Between Iseo and Brescia, the hilly wine-producing district of FRANCIACORTA got its name from the religious communities that lived here from the eleventh century onwards: they were exempt from tax and known as the Corti Franche, or free courts. This small area of Lombardy is best known for the Franciacorta DOCG (Denominazione di Origine Controllata e Garantita), Italy’s most refined sparkling wine: first made in the 1960s, it is produced according to Champagne methods. The area has more than a hundred vineyards, many of which are open for tours and tasting sessions, as well as some excellent Michelin-starred restaurants, plus more laidback trattorias where you can sample both the local wine and traditional regional dishes.
The secret of Franciacorta’s sparkling wine lies in a second fermentation in the bottle which can last from eighteen to sixty months. Usually a blend of Chardonnay and Pinot Noir or Blanc grapes, the sparkling wine comes in various types: Not Dosed/Pas Dosé (extremely dry), Extra Brut, Brut Satèn (a light silky-smooth mixture), Sec, Demisec and Rosé.
Some of the best known Franciacorta sparkling wine producers are Bellavista (wterramoretti.it), Belucchi (wberlucchi.it), Ca’del Bosco (wcadelbosco.com) and Majolini (wmajolini.it) but all of the vineyards – and there are over one hundred of them – have their own story and often lovely headquarters in ancient farmhouses or villas. Most guided tours end with a tasting and very competitive prices are offered in the cantina shops, where they can usually arrange shipping back home for you too. The Consortium Franciacorta (Via G. Verdi 53, Erbusco wfranciacorta.net) has a list and can give advice on vineyards to visit or be guided by local suggestions from B&B owners. In mid-September on even years, the Festival Franciacorta sees wineries open for special tasting sessions and local restaurants offering themed seasonal menus.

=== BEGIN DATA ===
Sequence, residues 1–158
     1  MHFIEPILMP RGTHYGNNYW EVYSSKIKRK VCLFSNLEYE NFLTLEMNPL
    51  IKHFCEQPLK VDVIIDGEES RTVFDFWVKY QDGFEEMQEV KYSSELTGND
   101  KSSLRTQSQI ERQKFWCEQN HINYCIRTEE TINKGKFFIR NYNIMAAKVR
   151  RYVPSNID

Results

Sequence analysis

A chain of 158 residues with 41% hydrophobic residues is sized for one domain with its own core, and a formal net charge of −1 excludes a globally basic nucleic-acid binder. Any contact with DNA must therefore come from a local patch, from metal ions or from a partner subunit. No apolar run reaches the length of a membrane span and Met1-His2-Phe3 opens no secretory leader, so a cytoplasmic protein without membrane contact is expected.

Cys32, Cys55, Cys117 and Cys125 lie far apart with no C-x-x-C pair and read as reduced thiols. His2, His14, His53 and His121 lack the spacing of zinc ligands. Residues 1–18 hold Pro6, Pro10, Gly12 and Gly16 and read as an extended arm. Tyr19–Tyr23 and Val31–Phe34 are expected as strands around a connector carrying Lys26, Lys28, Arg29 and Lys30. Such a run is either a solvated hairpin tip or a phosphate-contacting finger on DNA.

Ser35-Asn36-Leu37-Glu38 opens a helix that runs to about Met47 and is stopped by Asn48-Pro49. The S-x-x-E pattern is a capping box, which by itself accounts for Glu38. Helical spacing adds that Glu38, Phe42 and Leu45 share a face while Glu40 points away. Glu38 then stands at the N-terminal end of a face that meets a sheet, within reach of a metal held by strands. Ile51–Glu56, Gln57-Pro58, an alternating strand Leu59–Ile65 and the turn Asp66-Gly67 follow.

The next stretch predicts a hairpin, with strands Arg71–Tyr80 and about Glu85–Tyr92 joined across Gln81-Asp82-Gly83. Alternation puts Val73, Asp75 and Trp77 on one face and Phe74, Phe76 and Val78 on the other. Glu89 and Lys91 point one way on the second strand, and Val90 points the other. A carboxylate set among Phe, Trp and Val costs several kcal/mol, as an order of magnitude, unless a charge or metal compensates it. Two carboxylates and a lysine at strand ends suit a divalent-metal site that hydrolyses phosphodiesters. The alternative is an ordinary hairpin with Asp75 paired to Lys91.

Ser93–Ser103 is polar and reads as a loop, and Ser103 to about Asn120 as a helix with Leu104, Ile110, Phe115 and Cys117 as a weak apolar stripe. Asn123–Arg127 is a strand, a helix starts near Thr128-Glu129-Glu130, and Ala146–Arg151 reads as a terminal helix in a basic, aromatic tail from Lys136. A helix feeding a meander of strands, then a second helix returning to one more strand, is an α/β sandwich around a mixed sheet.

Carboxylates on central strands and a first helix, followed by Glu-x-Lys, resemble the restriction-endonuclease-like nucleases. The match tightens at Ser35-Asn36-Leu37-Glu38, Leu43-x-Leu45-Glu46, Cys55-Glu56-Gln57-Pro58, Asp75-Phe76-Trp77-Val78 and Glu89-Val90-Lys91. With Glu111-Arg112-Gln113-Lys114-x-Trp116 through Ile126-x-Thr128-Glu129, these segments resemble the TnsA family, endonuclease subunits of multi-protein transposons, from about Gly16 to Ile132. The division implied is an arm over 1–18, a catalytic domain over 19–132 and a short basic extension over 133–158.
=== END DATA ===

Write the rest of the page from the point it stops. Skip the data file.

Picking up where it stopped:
The Strada del Vino Franciacorta
Tourist offices and hotels stock a map of the Strada del Vino Franciacorta (wstradadelfranciacorta.it), a route which winds for 80km through the area, passing visitable vineyards, hotels and restaurants. There are well-thought-out routes for cars, cyclists or walkers lasting for a couple of hours to a day or two. Contact details are given for wineries along the route, most of which offer tours and tastings; advance booking is preferred.